Does Stress Change Who We Are?
All living things deal with stress. For you, that might be having a cold in addition to not getting enough sleep. For a plant, it is stressful to live through a drought. It turns out that stress is more than a passing annoyance. It can actually change who we are. Sometimes stress can affect our DNA, the instruction manual for building a living thing. Stress does not rewrite the letters in the DNA instruction manual, but it can change which chapters are used, and which ones are skipped over. Researchers are using corn plants to better understand how different kinds of stress can change how tall the plants grow. Understanding how DNA and the environment work together can not only help us grow bigger, better corn but it can also help us understand other organisms too, including ourselves.
What Makes You … You?
Have you ever wondered if you’d be different if you had grown up in another place or time? Would you be the same person you are now? Our experiences play a big part in our identities. Your family, your home, your school, and all the things you have done have shaped who you are today. But how much? If you were born in ancient Egypt, medieval France, or modern-day Mongolia, you might be the same as you are now, or you might be completely different.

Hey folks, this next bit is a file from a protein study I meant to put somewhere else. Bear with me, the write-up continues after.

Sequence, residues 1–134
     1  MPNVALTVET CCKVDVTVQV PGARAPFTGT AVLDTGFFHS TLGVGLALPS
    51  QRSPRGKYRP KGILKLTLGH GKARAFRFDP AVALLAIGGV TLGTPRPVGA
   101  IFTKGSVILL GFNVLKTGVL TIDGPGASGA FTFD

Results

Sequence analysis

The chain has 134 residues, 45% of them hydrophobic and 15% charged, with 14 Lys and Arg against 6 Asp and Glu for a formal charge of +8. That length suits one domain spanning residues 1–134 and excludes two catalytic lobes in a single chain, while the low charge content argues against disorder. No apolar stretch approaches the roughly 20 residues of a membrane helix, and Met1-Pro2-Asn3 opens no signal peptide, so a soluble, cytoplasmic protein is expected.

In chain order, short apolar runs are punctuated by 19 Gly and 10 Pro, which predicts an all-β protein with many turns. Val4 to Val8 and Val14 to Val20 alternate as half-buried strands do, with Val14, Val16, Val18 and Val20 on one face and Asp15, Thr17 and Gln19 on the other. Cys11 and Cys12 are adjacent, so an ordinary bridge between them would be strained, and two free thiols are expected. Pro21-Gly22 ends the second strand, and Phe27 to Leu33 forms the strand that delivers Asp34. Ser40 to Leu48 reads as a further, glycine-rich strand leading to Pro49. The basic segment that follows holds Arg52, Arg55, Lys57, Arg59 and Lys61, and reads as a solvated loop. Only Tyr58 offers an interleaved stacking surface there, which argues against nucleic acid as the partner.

The only thing you cannot change about yourself is your DNA, which stands for deoxyribonucleic acid. You got half of your DNA from your mom and the other half from your dad. You cannot change the DNA that you got from them, but the things you do—the experiences you have—can change how that DNA is expressed. But what does that mean?
From Genotype to Phenotype
Your DNA specifies your genotype, the set of directions for making you who you are. Think of it like an instructional manual for building you. Each chapter is a gene set, a group of related pages that work together. A gene is part of this set of instructions for making one particular product, such as a protein. There are thousands and thousands of genes for making all different kinds of products that your body needs to operate.